This week I am looking at how much debt needs to be rolled over and am asking the question: “Who is going to buy all the debt?”

Let’s start by looking at the US Federal Government level.

We know that the tax cuts have greatly expanded the size of US Federal Deficits. It is also true that there are large piles of debt already in existence that need to be rolled over at maturity, but are you aware of how fast the Quantitative Tightening by the Fed is going to add supply to the markets and require additional buyers to soak up?

The following is from Roger Lipton of Lipton Financial in the US:

“We all know that the Fed is normalizing its balance sheet, by $10B/month in Q4’17, then $20B/month in Q1’18, now at $30B/month in Q2, going to be $40B/month in Q3 and $50B/month in Q4.”

This is a huge shift in policy.

From past QE initiatives where the US Fed was buying up to $90 billion in bonds and mortgage securities a month to the present where the Fed is SELLING $30 billion a month! If I add in the higher deficit and higher interest rates to be paid on the debt, the extra amounts to be funded start to really add up.

Here is a comparison from last year to the present:

           January 2017                          May 2018

Quantitative Easing/Tightening                                  $0.00                                     -$30 billion

Projected Federal Deficit                                        -$33 billion                                 -$72 billion

Interest rate on debt (average)                                    0.90%                                       2.68%

If interest rates only stay where they are today and the FED is able to continue to Quantitatively Tighten until the fourth quarter, that $70 billion per month of extra bonds to sell grows to nearly $100 billion per month.

Simple question…who steps in to buy those extra bonds?

Next let’s look at the corporate side of debt.

John Mauldin wrote an excellent editorial last week speaking to the precarious nature of debt, especially corporate debt. I have added a couple other little tidbits I found while researching this topic too.

The first two charts come from Mauldin’s weekly; they speak for themselves.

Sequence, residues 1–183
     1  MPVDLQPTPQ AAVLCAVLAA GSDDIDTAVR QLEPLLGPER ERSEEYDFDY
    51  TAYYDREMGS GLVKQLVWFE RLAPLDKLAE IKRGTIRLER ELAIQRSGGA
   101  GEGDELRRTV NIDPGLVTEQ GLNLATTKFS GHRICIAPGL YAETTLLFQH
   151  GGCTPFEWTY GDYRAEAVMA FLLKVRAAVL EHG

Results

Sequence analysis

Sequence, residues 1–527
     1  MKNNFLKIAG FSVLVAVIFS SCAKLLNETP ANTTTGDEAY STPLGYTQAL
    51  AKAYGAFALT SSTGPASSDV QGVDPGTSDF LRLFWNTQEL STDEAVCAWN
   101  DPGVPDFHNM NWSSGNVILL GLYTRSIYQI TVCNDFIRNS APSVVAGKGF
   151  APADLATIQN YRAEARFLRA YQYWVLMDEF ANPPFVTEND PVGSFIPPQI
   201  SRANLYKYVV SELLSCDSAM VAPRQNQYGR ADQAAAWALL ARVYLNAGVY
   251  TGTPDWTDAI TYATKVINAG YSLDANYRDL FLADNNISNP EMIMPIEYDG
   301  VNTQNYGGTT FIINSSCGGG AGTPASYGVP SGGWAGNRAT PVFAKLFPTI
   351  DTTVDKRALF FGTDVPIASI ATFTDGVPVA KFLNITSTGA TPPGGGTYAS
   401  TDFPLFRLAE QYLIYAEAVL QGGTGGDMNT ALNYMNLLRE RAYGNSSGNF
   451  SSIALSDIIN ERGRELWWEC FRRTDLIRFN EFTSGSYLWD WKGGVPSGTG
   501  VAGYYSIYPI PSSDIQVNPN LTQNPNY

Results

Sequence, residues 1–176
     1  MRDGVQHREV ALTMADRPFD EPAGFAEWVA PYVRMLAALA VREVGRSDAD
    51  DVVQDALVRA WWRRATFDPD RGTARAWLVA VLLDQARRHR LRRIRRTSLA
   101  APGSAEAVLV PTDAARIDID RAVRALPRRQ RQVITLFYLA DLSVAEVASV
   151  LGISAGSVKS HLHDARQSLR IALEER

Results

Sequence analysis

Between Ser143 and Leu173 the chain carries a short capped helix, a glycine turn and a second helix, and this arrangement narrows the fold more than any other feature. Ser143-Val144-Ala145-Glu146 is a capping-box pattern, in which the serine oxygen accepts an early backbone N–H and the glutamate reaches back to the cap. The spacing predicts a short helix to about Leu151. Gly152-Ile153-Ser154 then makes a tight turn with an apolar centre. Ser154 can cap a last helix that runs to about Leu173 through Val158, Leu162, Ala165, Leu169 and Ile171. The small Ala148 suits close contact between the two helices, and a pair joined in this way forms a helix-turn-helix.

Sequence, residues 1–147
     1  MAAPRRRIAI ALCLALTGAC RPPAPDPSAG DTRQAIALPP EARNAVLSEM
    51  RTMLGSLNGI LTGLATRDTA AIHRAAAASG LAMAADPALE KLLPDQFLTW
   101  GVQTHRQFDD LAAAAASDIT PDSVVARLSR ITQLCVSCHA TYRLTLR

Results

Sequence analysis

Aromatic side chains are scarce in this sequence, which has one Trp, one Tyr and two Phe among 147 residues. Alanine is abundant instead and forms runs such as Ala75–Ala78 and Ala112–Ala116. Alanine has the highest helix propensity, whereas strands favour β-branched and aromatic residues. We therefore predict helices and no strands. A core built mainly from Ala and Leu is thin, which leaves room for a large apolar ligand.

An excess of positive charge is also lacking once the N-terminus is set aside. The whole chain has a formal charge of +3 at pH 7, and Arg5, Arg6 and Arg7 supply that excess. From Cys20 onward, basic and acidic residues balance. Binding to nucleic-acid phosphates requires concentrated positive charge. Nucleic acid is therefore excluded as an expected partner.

Point of interest: Notice that the cycle peaks near the end of the recessionary period but we don’t know that until the cycle is set about 18 months later.

The key to corporate debt is in the rolling over the maturing issues. I think the comment below by Zachary Chavis at Sage Advisory Services was a good summary of these issues:

Companies will need to refinance an estimated $4 trillion of bonds over the next five years, about two-thirds of all their outstanding debt, according to Wells Fargo Securities. This has investors concerned because rising rates means it will cost more to pay for unprecedented amounts of borrowing, which could push balance sheets toward a tipping point. And on top of that, many see the economy slowing down at the same time the rollovers are peaking.

If more of your cash flow is spent into servicing your debt and not trying to grow your company that could, over time, if enough companies are doing that, lead to economic contraction.” – (Emphasis Zachary’s)

To round out this discussion, I want to show the data on how the tax cuts have actually compared to prior years as per the US Federal Budget.

Sven Henrich (@northmantrader) presented the US Federal Budget through April for the years 2016, 2017 and 2018. Below are the results:

Interest on debt +36%

Corporate taxes -24%

Individual taxes +11%

Social Security +8%

Deficit +8%


Next is a chart showing the projected US Federal Deficit created by the Daily Shot and sourced via the Congressional Budget Office.

Again I ask…who are the buyers of all this new debt and what interest rate are they going to demand?


If stock and real estate markets stall or decline as interest rates go higher and Quantitative Tightening is progressing what is the US Fed likely to do?

My speculation is that the Fed would stop raising interest rates BEFORE they quit Quantitative Tightening.

That leads to the final question in my mind: Would interest rates stop going higher if the Fed only stopped raising short term interest rates?

I’m not sure they would.

With all the refinancing required at the government, corporate and personal levels, investors may demand still higher interest rates to offer their money to borrowers.

Looking back at the past 10 years, I can’t help but see where there were so many better opportunities to try and rebalance the financial markets in terms of asset prices and interest rates. But there is no point looking backwards now…

These changes are still in the very early innings of impact on asset markets. At this point, I am only trying to keep you in the habit of watching for the change.

Some analysis is warranted but it is way too early to draw conclusions.

Stay tuned…